The Fool-proof way to build a Successful Business - part 8

This is part eight in a series on building a successful business - if you missed the start you can catch up here.

Steps 3 and 4 are to make sure that the right people know about me, and make sure that they know why they should choose me above anyone else.

This is the area that I've struggled with the most. It's very hard to define a "vertical" target market for my services. I get the fear. What if I’m closing myself off to potential customers?

In fact, making this decision is probably the hardest business decision I’ve ever had to make. By narrowing my focus onto a particular group, I’m automatically ruling out a whole load of potential customers.

But this is actually an advantage, not a disadvantage. By focussing in, I can learn the right language, I can understand needs and I can build a better service. Which means I do a better job.

So I’ve decided that what I do works best for clients who have a relatively long sales cycle. They offer services, not products, that take a while to deliver and even longer for their clients to decide if it’s right for them. And because of the length of that sales cycle, it’s all to easy to lose track of leads or to send them the wrong signals at the wrong time. Tracking and making sure that the right message is sent at the right time - that’s exactly what I can help with.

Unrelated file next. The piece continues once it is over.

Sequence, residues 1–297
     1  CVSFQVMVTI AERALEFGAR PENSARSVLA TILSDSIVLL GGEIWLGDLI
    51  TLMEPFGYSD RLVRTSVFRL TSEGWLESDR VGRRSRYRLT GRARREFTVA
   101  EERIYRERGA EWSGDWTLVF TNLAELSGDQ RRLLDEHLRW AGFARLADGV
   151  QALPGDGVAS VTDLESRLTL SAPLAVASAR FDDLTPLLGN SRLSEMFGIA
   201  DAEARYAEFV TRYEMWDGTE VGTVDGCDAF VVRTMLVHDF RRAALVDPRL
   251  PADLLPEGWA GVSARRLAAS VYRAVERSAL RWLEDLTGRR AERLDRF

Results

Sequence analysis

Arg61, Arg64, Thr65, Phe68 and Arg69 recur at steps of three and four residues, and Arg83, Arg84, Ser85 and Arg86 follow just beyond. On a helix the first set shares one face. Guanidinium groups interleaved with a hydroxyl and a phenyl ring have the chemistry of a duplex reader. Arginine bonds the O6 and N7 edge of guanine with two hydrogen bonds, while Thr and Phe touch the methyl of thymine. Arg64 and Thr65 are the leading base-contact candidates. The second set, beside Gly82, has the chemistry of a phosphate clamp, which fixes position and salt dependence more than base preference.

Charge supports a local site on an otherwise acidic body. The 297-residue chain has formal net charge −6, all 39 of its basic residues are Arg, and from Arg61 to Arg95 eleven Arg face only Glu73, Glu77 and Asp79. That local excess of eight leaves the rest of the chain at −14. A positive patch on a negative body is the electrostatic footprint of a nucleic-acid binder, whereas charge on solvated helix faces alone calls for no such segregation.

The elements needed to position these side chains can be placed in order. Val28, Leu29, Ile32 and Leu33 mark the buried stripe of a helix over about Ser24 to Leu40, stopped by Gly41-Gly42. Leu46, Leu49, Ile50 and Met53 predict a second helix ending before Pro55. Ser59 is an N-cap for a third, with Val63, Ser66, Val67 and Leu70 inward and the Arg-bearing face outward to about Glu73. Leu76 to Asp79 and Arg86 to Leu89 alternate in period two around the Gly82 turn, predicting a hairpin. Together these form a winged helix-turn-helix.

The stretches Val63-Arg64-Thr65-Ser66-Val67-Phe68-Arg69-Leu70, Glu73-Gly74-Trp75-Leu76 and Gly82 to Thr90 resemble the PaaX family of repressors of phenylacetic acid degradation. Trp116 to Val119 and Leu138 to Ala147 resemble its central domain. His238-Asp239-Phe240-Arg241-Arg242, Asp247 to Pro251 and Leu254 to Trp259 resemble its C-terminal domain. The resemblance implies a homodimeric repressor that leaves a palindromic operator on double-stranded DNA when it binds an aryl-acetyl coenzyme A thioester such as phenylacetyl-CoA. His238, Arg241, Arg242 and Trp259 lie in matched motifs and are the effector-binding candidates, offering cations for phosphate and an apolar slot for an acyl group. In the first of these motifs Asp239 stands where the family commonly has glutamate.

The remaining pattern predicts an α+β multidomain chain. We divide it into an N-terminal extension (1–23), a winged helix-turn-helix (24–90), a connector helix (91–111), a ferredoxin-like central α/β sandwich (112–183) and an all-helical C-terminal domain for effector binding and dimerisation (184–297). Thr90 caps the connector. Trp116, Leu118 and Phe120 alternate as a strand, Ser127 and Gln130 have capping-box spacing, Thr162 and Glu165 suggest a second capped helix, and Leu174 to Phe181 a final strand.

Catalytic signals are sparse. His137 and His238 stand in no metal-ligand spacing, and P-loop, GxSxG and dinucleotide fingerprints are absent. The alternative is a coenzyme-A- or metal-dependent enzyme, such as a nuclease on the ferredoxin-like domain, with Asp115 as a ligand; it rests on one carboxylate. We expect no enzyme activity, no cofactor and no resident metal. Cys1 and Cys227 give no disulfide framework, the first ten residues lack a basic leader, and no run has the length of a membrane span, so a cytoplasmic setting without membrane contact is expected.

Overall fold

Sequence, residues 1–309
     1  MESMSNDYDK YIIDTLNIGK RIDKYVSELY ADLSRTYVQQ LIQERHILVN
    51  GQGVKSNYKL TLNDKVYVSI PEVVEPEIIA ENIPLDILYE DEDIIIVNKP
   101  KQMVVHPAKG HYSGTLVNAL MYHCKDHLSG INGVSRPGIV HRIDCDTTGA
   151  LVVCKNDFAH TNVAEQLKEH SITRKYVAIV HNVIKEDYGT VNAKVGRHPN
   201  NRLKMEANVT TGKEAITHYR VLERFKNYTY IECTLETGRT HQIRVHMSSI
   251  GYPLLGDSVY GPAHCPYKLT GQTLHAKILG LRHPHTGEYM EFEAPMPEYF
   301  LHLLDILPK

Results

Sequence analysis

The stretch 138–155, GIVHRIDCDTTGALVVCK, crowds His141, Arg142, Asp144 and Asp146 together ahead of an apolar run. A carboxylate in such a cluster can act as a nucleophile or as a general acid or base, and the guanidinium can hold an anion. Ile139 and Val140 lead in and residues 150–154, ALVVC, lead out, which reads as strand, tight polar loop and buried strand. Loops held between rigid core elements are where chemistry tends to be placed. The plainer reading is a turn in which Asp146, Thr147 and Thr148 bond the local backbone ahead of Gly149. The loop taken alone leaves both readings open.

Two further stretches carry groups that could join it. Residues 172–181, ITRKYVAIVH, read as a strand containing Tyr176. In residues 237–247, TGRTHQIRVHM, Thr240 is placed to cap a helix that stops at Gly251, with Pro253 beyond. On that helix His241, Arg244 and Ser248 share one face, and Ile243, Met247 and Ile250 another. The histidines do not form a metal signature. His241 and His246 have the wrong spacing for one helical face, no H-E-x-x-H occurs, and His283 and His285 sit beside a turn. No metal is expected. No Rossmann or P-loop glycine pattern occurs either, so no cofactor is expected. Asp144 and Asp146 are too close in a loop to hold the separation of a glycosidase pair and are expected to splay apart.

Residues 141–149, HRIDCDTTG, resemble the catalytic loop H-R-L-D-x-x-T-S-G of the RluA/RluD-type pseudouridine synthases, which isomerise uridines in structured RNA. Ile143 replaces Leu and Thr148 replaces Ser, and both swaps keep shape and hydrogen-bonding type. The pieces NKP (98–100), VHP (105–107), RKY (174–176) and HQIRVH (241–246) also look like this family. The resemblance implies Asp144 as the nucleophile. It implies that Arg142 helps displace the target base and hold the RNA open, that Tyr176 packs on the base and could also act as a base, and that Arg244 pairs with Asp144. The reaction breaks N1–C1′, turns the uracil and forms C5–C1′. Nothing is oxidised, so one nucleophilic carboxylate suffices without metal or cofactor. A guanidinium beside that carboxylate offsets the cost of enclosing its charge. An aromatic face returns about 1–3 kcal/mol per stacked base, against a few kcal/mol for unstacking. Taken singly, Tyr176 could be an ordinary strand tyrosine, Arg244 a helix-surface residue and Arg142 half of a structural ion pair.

So I’ve narrowed it down. Who has a long sales cycle and doesn’t want to stay on top of the details of what happens next? I settled on therapists, coaches and consultants - people who love speaking to people, who love going out there and getting their teeth into a problem. But probably are less interested in the dry, technical details of a sales funnel.

And why should they buy from me?

I've spent a lot of time and effort building my own sales process that is designed to make sure that the people I work with, my clients, are a good fit. I don't want to take your money. I only want to work with you if I know I can get results. So each stage of my sales process is designed to find that out - the questions I ask, the decisions I take, the process I follow.

I don’t want to work with you, dear therapist, coach or consultant, unless it looks like I can improve your sales by a large margin. And because I’m working with a narrow market, I’m getting better and better at doing that.

Take action: How does your sales process work? Why does each stage exist and what is it designed to prove?

PS: If know someone you feel might want a bit of help with this stuff, send them here

Rahoul Baruah

Rahoul Baruah

Rubyist since 1.8.6. Freelancer since 2007, dedicated to building incredible, low-cost, bespoke software for tiny businesses. Also CTO at Collabor8Online.
Leeds, England